Guardianship is a legal process used to protect persons who are unable to care for their own well-being due to infancy, disability or incapacity. The need for guardianship is clear in the following circumstances:
- When a parent or parents(s) are unable to care for a child or children.
- When an adult is incapacitated, a guardian may be appointed.
- In the case of a developmentally disabled person, a Guardian Advocate may be appointed.
Basically, when a person is not able to take care of themselves or make reasonable decisions on their own, a guardian may be necessary.
Who Can Serve as Guardian?
The following are qualifications for service as a guardian:
- The would-be guardian may have no felony convictions.
- The would-be guardian is not physically or mentally incapacitated or incapable of making sound decisions.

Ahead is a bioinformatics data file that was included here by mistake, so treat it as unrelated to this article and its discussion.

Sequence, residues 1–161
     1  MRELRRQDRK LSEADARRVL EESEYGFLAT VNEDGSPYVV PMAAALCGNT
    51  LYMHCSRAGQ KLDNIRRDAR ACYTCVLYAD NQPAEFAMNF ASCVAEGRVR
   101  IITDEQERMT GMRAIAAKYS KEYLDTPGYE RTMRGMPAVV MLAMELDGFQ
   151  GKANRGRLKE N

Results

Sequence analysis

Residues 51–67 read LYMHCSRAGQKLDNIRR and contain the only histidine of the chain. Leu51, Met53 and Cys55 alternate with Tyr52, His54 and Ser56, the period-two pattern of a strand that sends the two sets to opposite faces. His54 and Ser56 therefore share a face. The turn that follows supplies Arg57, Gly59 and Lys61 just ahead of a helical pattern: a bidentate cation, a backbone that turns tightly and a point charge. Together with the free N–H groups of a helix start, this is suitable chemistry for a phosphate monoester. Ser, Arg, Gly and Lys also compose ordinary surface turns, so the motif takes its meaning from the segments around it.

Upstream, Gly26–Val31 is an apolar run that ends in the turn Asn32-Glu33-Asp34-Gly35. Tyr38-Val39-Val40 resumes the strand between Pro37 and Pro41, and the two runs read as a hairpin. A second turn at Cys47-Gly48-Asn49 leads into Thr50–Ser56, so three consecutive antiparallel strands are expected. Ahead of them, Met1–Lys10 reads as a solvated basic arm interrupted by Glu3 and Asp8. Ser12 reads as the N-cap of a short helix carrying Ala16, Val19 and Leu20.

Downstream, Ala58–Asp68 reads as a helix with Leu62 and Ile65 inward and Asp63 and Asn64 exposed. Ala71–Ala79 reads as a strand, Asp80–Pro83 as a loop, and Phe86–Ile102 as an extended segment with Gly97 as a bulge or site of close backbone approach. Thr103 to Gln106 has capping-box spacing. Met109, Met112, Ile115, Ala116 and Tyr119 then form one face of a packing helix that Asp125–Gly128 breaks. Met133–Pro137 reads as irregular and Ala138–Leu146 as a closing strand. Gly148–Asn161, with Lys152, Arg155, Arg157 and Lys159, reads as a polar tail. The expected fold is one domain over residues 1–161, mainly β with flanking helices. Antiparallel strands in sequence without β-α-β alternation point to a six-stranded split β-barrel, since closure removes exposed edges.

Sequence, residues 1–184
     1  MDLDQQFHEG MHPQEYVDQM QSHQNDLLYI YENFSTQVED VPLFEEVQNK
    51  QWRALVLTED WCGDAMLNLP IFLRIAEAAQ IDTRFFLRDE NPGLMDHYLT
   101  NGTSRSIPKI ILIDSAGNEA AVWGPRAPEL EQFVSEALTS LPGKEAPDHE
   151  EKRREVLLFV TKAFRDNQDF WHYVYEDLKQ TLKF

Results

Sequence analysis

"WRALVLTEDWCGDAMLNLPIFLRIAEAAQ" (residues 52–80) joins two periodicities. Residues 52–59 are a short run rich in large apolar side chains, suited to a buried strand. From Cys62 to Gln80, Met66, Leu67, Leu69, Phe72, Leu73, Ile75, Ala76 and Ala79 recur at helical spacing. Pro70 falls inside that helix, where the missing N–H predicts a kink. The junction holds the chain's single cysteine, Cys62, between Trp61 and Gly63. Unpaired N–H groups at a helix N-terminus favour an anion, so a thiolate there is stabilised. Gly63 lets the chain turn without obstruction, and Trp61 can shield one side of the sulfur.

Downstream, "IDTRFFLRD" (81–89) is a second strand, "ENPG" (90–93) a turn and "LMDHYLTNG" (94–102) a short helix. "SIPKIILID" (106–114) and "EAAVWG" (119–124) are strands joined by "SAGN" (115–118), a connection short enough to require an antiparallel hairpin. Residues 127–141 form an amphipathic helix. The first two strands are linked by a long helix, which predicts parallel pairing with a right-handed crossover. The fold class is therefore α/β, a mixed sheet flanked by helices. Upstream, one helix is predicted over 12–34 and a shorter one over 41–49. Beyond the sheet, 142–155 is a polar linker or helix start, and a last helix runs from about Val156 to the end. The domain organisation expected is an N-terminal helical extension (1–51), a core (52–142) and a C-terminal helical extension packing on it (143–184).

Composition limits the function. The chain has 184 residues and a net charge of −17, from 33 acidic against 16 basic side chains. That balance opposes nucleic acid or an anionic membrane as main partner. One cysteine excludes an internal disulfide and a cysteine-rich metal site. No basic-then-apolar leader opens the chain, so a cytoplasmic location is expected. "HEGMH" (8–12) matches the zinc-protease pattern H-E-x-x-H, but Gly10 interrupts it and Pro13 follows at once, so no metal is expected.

- The would-be guardian has no other glaring impediments that prevent them from serving as an effective guardian.
The guardian is court appointed. The court will always look into the potential guardian’s history and run background checks. Guardians are also required to complete a court-approved guardianship course.
Sometimes corporations, like a non-profit, may serve as a guardian. This is especially true for corporate entities that specialize in serving the disabled.
Bank trusts can serve as guardians but only in the case of property and not as guardian for an individual.
Types Of Guardian
Guardianship & Guardian Advocacy
Typically, guardianship is appointed when involving a minor or an adult who is incapacitated. Guardianship Advocacy is appointed when a disabled person reaches the age of 18 and parents no longer have legal authority.
In general, the process of guardianship is more stringent than guardian advocacy and the would-be guardian will need to hire an attorney. Hiring an attorney with plenty of experience in guardianship law is essential in this scenario.